Melinda Janssen has been obsessed with art her entire life. The 27-year-old recently started a business that allows her to showcase art to locals as well as have a space to create.
Welkin Art Gallery & Studio, 100 Water St., officially opened on August 28 in conjunction with the local art walk sponsored by the Greater Lake Mills Arts Alliance. Janssen and his partner Devin Maupin, who both live in the community, were asked to say if the gallery was interested in participating in the event and determined it would be the perfect day to open.
“It was a big event to have a big opening because everyone was looking at the art,” she said.
Currently there are around 14 artists with works on display in the store, plus a few pieces by Janssen and Maupin. There are a variety of mediums ranging from sculpture and photography to painting and woodcarving.
A call for applications has been posted on the Welkin Art Gallery & Studio Facebook page and the response has been overwhelming, said the gallery owner.
“Lake Mills has an incredible artistic community, just like the surrounding communities and small towns rarely get the representation they should for the art that comes out of it,” Janssen said. “We have some absolutely amazing artists on the bill. “
She said some artists might not get as much exposure if they didn’t have a place like Welkin to display and sell their work.
“As much as it is a gallery, it is also a store. We want to help artists gain visibility and money, ”Janssen said.
Welkin Art Gallery & Studio is not only intended to be an accessible place for artists to sell their work, but also offers buyers the opportunity to find amazing pieces at affordable prices.
“I know that, especially in galleries, art is not a commodity available to a lot of people to buy,” she said.
All artists are on consignment; the gallery receives a commission for each sale, with the creator receiving the rest of the money.
Having her own business is something Janssen has found appealing since graduating from college, but she never had a specific orientation for the type of business she would run.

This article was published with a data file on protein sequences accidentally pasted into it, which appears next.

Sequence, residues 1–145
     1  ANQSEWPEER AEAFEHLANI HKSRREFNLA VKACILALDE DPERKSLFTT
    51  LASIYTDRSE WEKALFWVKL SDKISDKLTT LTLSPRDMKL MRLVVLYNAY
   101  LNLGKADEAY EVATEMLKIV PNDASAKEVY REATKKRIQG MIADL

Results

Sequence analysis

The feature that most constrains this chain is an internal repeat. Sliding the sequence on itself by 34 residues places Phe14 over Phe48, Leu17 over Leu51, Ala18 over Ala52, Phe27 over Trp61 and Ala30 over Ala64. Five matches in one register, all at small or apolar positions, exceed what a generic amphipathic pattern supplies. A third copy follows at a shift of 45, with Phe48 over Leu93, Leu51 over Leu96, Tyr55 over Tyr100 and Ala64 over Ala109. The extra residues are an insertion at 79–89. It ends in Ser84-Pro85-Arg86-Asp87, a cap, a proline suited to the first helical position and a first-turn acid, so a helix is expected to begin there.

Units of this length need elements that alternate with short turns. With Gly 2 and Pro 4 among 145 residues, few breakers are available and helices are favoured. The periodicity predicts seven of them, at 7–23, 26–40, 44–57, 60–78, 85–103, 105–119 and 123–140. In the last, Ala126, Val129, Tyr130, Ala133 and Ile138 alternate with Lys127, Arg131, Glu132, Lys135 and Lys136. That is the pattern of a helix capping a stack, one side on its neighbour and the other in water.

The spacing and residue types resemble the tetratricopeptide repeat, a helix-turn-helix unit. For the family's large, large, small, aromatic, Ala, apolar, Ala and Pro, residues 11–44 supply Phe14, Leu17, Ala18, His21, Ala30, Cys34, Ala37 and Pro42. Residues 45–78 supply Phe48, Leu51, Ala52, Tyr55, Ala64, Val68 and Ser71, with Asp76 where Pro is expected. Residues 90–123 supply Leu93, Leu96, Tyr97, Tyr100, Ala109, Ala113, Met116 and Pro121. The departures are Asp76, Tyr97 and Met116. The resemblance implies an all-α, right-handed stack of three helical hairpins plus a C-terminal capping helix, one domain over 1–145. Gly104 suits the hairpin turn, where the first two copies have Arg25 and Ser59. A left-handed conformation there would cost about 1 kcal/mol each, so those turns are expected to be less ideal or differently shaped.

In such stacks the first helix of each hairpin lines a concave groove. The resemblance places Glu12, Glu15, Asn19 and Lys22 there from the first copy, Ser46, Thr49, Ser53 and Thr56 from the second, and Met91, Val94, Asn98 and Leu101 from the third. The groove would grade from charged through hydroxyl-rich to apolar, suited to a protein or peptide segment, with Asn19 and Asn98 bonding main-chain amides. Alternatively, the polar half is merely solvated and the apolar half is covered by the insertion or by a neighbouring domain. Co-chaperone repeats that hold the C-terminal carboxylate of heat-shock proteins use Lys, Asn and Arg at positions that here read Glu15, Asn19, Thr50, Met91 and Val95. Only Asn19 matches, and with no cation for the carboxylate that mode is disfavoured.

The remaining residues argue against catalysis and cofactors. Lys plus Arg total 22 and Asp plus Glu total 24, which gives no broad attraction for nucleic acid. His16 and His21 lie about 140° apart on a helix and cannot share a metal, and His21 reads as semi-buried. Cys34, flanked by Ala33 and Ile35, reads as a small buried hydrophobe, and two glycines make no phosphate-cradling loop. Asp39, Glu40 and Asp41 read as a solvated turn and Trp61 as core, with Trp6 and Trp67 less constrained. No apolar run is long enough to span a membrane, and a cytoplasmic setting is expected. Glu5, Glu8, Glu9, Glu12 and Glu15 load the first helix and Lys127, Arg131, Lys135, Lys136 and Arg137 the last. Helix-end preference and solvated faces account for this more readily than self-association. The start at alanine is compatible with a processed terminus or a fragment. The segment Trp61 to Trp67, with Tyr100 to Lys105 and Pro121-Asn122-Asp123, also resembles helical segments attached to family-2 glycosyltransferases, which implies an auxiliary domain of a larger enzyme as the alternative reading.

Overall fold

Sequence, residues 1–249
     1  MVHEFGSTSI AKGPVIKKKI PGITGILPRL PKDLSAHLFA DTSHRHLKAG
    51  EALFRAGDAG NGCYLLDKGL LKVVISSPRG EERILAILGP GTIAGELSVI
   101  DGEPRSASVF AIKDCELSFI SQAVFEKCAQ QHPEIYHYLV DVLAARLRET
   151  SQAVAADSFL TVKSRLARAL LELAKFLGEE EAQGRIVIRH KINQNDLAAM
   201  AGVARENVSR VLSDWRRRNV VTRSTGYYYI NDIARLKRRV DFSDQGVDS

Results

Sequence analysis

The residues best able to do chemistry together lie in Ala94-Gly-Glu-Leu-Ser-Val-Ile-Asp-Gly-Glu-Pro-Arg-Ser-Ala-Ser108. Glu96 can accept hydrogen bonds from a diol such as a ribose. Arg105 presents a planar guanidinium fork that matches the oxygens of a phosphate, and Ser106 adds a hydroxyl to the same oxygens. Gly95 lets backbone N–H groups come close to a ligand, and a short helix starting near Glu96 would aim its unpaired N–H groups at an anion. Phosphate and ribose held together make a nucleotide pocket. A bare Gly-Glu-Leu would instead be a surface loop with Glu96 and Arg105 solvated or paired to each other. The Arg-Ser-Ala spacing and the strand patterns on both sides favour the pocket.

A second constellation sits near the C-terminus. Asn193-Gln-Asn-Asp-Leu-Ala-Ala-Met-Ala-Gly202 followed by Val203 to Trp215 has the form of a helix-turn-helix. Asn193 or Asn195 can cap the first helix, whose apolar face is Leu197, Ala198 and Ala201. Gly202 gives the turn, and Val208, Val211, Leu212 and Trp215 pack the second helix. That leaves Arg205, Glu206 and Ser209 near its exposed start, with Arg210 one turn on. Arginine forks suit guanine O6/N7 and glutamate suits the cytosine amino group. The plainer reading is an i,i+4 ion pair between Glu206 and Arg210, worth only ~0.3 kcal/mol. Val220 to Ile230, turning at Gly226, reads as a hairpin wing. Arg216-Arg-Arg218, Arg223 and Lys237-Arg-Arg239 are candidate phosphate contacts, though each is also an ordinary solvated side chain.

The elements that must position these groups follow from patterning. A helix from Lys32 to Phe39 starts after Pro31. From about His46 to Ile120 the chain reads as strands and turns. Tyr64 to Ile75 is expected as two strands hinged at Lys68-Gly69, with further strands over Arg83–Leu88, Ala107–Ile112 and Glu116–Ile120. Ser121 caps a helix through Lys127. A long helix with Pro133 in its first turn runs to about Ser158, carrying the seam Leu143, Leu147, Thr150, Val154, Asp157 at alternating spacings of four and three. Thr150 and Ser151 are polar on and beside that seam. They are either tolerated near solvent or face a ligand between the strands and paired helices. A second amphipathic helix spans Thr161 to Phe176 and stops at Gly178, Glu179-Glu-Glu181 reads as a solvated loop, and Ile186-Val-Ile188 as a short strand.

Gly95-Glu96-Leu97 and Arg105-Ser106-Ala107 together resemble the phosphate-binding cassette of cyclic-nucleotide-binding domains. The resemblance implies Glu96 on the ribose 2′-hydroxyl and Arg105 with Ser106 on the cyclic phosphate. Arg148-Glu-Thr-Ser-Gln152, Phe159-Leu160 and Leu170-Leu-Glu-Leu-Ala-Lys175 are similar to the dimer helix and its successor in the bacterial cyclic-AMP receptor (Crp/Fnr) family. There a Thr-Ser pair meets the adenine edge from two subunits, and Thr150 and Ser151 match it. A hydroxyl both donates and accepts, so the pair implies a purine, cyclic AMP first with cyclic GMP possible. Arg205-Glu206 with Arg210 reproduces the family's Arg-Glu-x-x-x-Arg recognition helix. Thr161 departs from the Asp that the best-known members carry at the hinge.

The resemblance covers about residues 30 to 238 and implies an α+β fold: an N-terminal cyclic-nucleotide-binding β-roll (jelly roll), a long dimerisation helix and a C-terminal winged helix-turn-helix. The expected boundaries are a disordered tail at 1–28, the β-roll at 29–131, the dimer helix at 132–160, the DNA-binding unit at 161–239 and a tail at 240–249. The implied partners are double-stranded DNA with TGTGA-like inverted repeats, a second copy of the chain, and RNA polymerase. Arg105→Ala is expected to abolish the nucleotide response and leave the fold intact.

“I had a few different ideas. I do a lot of hand lettering and calligraphy and hand painted signs and thought that maybe someday I would have a store for that. It was a lot of ‘maybe someday’ situations, ”she said.
Now that “maybe a day” has arrived in the form of a shopping arcade, Janssen is already considering what Welkin’s future might encompass, such as organizing art classes led by herself, Maupin or another local artist.
“The pandemic has been so interesting because even though there have been struggles that have gone with it, getting this space wouldn’t have been possible without us being home all the time,” she said. declared.
The gallery also serves as an office and creative space for Janssen, who works as a graphic designer for a company located in Brookfield.
Janssen and Maupin acquired the space about a year ago. Their current owner owns the Water Street property and knew the couple were looking for a studio apartment.
“Almost everything you see was in our apartment before he got here,” she said, pointing to the studio and office part of the room. “We were both independent artists, we were constantly looking for studio space for ourselves. “
Janssen, from Cross Plains, attended Middleton High School and said the school had an amazing arts program that explored multiple mediums. She then attended UW-Stout where she obtained a Bachelor of Fine Arts in Graphic Design.
“I put my hands up as much as I can learn. I love hand lettering and calligraphy… it has become a passion for me. I am also working on some oil paintings at the moment; I touch watercolor from time to time. Pottery, engraving, I could soon get into casting ceramics, ”she said.
The artist remembers enjoying learning from childhood, especially things that can be done by hand.
And while Janssen enjoys a career in graphic design, it cannot compare to the process of physically creating by hand.
“I love that I can make art with my hands,” she said.